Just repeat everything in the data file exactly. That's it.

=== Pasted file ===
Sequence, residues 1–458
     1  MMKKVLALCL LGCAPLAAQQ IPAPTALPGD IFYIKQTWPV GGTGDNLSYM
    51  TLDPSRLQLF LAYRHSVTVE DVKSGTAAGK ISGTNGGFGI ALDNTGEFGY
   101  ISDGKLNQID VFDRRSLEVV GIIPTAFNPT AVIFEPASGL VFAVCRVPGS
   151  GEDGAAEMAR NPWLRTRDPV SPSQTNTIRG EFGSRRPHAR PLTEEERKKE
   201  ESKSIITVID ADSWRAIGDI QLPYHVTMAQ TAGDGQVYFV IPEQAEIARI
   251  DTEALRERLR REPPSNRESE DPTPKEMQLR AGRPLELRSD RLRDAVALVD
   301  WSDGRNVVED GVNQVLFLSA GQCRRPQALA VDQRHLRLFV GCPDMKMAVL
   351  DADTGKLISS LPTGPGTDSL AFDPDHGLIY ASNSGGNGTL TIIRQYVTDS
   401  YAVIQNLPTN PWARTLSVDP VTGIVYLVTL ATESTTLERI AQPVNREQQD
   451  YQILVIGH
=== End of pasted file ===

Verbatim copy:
Sequence, residues 1–458
     1  MMKKVLALCL LGCAPLAAQQ IPAPTALPGD IFYIKQTWPV GGTGDNLSYM
    51  TLDPSRLQLF LAYRHSVTVE DVKSGTAAGK ISGTNGGFGI ALDNTGEFGY
   101  ISDGKLNQID VFDRRSLEVV GIIPTAFNPT AVIFEPASGL VFAVCRVPGS
   151  GEDGAAEMAR NPWLRTRDPV SPSQTNTIRG EFGSRRPHAR PLTEEERKKE
   201  ESKSIITVID ADSWRAIGDI QLPYHVTMAQ TAGDGQVYFV IPEQAEIARI
   251  DTEALRERLR REPPSNRESE DPTPKEMQLR AGRPLELRSD RLRDAVALVD
   301  WSDGRNVVED GVNQVLFLSA GQCRRPQALA VDQRHLRLFV GCPDMKMAVL
   351  DADTGKLISS LPTGPGTDSL AFDPDHGLIY ASNSGGNGTL TIIRQYVTDS
   401  YAVIQNLPTN PWARTLSVDP VTGIVYLVTL ATESTTLERI AQPVNREQQD
   451  YQILVIGH